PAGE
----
The Agenda

Dirt Roads and the Future of the Global City

Brandon Fuller describes Shlomo Angel’s vision for how cities in the developing world can accommodate future growth. Given that the UN anticipates that the world’s cities will grow by $2.7 billion, cities would be wise to plan ahead for this massive influx. Yet building large-scale infrastructure is expensive and risky, particularly because planners can’t generally anticipate which cities will grow most robustly, as growth will reflect changing global economic patterns, tastes and preferences, and other all-but-unforeseeable developments:

Angel writes that governments in the developing world, whose financial capacity is often limited, should focus on what may sound unglamorous: establishing an arterial grid of dirt roads throughout each city’s future territory, much as the commissioners did in Manhattan. The grid should connect to the city’s existing network of roads, of course, and it should cover an area that the city expects its future population growth to require. These arteries will one day carry public transportation and private traffic, and such infrastructure as water mains, sewers, storm drains, and telecommunications networks will follow their routes.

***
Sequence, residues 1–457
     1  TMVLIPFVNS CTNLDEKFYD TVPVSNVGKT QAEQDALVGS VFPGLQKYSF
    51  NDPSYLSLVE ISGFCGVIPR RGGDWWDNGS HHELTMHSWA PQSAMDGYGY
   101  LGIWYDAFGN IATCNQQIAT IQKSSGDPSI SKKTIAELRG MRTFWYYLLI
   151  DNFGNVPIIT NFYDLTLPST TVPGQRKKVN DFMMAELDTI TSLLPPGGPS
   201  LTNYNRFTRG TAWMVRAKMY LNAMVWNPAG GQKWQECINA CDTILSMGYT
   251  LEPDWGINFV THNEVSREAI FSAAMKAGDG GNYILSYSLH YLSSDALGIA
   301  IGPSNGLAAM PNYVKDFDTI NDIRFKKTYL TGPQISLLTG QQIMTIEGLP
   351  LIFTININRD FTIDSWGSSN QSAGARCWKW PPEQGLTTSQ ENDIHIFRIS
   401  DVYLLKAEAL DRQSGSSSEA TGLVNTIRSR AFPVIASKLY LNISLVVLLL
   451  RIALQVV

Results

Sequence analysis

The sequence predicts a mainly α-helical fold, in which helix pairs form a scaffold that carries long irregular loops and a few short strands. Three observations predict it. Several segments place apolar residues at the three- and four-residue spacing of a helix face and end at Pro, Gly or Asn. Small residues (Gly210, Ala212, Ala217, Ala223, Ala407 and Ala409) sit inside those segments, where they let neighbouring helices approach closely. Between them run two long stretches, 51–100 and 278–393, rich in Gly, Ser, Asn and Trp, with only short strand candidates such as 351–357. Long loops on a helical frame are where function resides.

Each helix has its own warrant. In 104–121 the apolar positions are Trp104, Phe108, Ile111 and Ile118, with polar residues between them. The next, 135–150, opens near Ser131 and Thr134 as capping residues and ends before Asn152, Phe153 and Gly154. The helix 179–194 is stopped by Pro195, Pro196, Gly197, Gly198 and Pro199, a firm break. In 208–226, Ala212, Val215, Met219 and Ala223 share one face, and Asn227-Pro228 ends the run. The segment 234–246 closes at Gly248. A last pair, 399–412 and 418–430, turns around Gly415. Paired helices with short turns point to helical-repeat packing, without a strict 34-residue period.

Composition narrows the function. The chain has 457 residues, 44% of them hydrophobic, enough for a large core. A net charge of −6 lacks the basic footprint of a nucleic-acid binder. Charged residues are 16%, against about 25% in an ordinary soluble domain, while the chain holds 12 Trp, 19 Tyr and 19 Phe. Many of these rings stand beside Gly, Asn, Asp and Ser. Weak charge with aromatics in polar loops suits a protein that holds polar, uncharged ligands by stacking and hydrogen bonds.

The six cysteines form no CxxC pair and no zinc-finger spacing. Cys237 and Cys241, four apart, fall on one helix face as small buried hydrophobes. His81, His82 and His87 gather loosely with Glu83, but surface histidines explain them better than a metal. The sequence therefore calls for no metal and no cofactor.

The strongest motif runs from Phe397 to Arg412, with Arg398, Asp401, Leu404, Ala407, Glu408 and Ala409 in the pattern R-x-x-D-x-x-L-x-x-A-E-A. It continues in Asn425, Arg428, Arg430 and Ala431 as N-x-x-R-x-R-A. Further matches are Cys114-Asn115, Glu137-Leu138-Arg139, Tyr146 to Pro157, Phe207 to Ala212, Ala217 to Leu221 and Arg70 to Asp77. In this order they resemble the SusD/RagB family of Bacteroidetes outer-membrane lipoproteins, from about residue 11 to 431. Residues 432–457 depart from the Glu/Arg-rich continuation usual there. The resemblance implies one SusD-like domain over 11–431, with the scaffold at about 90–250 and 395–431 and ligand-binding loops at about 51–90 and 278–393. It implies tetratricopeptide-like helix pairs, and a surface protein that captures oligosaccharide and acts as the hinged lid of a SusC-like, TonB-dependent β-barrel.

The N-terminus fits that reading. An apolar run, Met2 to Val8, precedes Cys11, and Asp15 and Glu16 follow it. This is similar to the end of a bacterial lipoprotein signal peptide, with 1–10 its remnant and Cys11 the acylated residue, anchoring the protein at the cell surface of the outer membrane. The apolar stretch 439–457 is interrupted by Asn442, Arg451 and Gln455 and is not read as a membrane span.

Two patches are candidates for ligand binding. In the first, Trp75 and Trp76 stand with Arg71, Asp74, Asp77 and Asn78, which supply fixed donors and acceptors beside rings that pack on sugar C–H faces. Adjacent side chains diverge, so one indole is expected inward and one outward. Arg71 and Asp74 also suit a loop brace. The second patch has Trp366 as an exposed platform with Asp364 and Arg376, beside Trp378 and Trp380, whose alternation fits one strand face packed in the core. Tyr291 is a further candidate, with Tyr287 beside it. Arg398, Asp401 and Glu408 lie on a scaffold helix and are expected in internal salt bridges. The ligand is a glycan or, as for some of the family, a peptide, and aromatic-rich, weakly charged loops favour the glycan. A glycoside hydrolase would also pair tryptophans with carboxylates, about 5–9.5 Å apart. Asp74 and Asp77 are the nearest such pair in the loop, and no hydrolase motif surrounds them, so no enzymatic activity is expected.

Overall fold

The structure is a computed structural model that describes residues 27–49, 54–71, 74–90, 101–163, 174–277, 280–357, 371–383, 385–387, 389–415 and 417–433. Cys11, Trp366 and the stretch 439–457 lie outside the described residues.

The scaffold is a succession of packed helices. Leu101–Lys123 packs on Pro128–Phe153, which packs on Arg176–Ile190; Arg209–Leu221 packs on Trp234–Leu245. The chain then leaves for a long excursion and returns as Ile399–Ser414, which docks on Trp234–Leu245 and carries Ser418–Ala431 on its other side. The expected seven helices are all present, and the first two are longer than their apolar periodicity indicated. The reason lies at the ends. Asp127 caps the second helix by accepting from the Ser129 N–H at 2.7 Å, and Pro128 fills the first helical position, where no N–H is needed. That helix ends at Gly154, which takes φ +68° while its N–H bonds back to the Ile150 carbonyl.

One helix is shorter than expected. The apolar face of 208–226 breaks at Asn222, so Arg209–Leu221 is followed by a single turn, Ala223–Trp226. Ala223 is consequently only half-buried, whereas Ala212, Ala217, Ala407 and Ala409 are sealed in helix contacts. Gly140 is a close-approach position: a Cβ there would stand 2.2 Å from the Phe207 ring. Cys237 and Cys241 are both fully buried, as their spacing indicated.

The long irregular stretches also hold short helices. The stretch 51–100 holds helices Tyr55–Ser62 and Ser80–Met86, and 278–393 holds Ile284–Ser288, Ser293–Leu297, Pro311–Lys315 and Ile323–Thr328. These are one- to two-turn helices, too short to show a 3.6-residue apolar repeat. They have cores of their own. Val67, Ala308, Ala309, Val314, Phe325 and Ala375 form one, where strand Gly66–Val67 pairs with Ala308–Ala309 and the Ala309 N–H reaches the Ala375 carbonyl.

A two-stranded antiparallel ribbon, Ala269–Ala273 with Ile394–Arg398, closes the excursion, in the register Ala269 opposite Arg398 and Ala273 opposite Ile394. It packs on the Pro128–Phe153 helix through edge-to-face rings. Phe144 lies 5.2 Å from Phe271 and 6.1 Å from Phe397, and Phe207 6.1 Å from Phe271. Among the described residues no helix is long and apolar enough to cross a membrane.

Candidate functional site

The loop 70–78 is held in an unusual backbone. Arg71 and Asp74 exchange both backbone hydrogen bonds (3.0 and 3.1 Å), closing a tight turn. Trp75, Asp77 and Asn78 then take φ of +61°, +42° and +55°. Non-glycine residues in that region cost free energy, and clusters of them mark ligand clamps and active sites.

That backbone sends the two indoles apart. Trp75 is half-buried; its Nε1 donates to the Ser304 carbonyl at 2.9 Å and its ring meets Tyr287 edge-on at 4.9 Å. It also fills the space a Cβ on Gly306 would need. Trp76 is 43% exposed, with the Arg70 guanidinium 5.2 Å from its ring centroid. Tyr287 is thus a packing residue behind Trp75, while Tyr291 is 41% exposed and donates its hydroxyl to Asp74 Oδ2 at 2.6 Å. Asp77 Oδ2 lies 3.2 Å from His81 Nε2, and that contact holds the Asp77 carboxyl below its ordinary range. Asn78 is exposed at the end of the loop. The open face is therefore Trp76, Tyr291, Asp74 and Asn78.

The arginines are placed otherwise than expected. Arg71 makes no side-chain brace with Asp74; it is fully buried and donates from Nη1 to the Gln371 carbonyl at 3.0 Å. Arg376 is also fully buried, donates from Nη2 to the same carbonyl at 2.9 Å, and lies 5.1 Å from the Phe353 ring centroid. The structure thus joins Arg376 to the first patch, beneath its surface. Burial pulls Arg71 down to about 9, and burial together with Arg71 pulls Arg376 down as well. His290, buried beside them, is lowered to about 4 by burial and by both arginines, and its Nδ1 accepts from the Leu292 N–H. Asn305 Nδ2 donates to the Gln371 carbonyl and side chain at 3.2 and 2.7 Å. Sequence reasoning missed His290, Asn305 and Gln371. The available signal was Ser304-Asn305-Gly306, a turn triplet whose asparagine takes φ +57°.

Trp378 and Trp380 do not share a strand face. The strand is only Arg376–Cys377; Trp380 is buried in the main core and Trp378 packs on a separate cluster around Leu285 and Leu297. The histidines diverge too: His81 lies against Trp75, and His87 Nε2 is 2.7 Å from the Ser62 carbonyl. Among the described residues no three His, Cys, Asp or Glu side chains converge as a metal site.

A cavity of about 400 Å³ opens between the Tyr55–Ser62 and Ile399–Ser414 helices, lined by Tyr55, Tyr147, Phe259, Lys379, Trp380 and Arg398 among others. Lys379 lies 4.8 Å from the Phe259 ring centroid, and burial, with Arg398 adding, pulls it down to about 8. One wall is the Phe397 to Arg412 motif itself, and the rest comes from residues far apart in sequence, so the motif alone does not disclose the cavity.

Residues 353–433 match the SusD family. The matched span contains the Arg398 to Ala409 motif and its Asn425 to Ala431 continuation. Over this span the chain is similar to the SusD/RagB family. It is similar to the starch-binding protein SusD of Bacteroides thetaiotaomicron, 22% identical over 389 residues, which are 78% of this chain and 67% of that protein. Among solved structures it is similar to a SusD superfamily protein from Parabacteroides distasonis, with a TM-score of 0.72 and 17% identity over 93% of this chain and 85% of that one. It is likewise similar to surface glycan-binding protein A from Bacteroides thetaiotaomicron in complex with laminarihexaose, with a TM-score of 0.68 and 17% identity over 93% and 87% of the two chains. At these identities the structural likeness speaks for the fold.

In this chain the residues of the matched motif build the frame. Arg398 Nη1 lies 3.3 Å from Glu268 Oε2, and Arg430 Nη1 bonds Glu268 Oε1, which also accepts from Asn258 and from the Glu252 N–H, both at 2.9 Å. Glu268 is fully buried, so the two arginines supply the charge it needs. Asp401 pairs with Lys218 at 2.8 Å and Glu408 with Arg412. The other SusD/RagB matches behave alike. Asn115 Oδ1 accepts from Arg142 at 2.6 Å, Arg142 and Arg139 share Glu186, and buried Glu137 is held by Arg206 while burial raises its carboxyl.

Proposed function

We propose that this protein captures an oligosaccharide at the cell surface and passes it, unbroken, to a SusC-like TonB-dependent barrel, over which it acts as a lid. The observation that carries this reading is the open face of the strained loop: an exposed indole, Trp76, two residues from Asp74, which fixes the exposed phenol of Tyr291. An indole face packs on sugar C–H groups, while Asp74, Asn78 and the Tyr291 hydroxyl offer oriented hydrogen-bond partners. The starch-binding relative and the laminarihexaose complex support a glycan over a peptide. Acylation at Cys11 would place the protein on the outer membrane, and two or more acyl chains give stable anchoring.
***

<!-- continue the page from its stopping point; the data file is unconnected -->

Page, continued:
Angel suggests that cities space arterial roads less than a mile apart. That spacing will ensure that residents are never more than a ten-minute walk from public transportation. The arteries themselves should be 60 to 100 feet wide so that they can support not only regular traffic but also designated bus lanes, bike paths, and medians. At first, cities need only acquire the green space and rights-of-way for the arterial grid. Selected segments can then be improved as the city grows, the superblocks between the arteries are subdivided and developed, and the demand for services rises.

Angel’s approach is different from most urbanist schemes in not relying on government to make specific prescriptions about land use, development, and density—tasks that even the strong, well-financed governments of the West have often done poorly. His plan for urban development is essentially market-driven; the grid that the government creates merely establishes a sensible framework for future city growth. But governments can use the grid to shift building away from areas that are environmentally sensitive or susceptible to natural disasters, since proximity to arterial roads will be attractive to developers. By leading, rather than following, developers into new areas, cities can also avoid driving arterial roads through existing neighborhoods. [Emphasis added]

It is depressing to contrast this wise, modest, market-driven approach with the fixation of U.S. cities on profoundly counterproductive economic development schemes, which Steven Malanga describes in the latest issue of City Journal.

Reihan Salam is president of the Manhattan Institute and a contributing editor of National Review.

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